Thanks, But We've Got One of Those
On submitting while African
Every mid-month, we have a guest writer on After Five, a voice from a historically underrepresented community or identity group in the writing, reading, publishing and SFF ecosystem. So far this year, we’ve featured Chovwe, Shingai, Tlotlo, Rafeeat, Akilah, Veronica, Chido, and TJ
Today’s letter is from Tobi Ogundiran, a British Science Fiction Association, Shirley Jackson, Nommo and Ignyte award nominated author whose dark and fantastical tales have appeared in The Dark, Beneath Ceaseless Skies, FIYAH, Tor.com and elsewhere. Find him at tobiogundiran.com and @tobi_thedreamer on Twitter.
In 2020, I went on sub with my first novel. I was fresh off the high of acquiring an agent, and was fairly a great deal optimistic about the fate of my novel. It didn’t take long before the rejections started to pour in. I like to think I took them in stride. This is publishing, after all; rejection is the name of the game. About a month into submission, I got a rejection which said, and I paraphrase:
“This is definitely the kind of fantasy I’m looking for, unfortunately I’m currently in talks with an author whose project has a similar vibe … so I’m going to have to pass …”
I shrugged it off. Bad timing and all that. Shit happens. Perhaps if we’d gone on sub a little earlier. Perhaps if I’d managed to clinch an agent a little earlier. Perhaps if we’d subbed to a different editor. Perhaps, perhaps, perhaps.
The more I thought about it, the more I realized that I was bothered.
Some context: I am a Nigerian writer, and my work was pitched as ‘West-African inspired fantasy in the vein of …’
I could not help myself, and I did a little bit of sleuthing. Indeed, weeks later a deal was announced for an author of colour at the same imprint whose North-African inspired fantasy had just been acquired. I did read the book when it came out, and it is a beautiful book. But it read nothing like mine.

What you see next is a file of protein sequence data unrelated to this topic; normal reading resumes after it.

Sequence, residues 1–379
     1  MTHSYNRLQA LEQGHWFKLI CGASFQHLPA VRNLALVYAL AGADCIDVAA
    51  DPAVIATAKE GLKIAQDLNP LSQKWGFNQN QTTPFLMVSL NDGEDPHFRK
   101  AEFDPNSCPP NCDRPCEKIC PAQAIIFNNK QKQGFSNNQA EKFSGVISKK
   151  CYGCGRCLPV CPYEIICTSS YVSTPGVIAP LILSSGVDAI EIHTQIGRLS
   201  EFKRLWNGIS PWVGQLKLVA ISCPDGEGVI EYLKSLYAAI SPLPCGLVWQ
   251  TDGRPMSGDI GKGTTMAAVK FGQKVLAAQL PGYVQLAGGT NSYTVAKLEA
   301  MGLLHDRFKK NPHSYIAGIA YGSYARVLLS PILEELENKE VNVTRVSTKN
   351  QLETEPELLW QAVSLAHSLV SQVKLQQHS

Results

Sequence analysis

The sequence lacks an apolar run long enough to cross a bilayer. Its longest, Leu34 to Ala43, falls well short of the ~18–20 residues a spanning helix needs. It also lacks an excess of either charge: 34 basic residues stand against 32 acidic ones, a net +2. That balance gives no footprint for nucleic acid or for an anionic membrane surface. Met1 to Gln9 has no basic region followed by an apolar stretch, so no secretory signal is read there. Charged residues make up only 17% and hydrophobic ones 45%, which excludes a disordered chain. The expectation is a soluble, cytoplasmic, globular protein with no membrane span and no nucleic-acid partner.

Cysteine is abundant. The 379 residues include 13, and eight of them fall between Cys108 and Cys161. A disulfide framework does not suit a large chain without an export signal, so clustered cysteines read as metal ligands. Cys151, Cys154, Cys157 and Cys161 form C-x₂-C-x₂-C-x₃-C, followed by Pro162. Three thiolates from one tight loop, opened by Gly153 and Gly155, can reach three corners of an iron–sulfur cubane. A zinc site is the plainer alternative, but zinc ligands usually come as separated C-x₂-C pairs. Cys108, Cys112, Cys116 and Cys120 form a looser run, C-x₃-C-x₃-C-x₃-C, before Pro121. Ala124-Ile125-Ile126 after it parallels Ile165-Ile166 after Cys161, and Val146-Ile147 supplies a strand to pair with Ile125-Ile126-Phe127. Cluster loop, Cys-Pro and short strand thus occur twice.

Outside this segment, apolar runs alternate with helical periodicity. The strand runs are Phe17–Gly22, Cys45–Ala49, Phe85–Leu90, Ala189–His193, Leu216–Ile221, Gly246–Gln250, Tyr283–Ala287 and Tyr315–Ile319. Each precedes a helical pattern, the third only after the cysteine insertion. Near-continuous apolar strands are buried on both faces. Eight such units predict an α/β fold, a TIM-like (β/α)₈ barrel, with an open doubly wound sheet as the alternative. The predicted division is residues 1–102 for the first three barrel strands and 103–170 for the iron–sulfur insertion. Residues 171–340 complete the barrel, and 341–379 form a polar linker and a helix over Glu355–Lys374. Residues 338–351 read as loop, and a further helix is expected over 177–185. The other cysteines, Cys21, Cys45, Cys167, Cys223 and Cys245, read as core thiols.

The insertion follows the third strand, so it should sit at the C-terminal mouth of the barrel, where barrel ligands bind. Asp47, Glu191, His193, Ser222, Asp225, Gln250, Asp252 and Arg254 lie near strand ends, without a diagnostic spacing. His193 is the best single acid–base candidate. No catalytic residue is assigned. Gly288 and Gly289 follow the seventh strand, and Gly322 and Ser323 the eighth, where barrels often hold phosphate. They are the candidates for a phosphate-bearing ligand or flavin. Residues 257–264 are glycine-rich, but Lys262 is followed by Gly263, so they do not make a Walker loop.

I found myself haunted by the language of that rejection, and what it meant: there can only be one, or at most, a precious few.
Has it not been proven that readers want more and more of the familiar, as evidenced by decades of medieval England-inspired fantasy where one farm-boy hero can be replaced with another? Has it not been proven that readers of colour want more and more of the familiar?
The recent antitrust trials exposed to the wider world what has long been known in the industry: that the powers that be in publishing are largely detached and generally clueless about the people without whose work, sweat and intellectual property the industry cannot exist; time and resources are devoted to maintaining the status quo because “that’s just how it’s been done.” They run on, and I shudder to even write this, vibes. But that word and the sentiment behind it is a prevarication because it would imply that what gets published is a product of a collected emotional response to a material with market potential. But what does it mean when “vibes” have looked the same for decades? What does it mean when “vibes” have consistently fallen short of expectations? What does it mean when historically underrepresented authors are consistently held to a different—higher—standard?
“Vibes” smiles to your face, and apologizes while sticking you with the pointy end of the sword. Black/Brown? Writing about something “not relatable?” Ah, well … And you should be so lucky that they hem and haw and lead you on until you’re so very gently let down. Sometimes you’re simply told: Thanks, but we’ve got one of those.
It is not hyperbole when I say that some of the best, richest fantasy of the past five years have been those told by underrepresented authors who approach the genre from an oft-overlooked perspective. It is not hyperbole when I say that still, alas, there are a precious few of us. Because, good God, thanks, but we’ve got one of those.
And yet—and yet—we have some writers (those who remember an age where their sandbox was not littered with the Black/Brown bodies) bemoaning their plight and how hard it is for them to get published these days.
I would be remiss if I did not acknowledge the fact that there is progress being made. Grudging, painful; as exhausting as trying to drain an ocean with a teacup. I long for the day when progress is not measured in inches, when every step forward is not countered by two in regress, when there exists a genuine excitement across publishing for the multitude of voices and stories and perspectives, when we hear, please, can I get another one two hundred of those?
Perhaps it is a dream. But that is what writers do. That is what I do.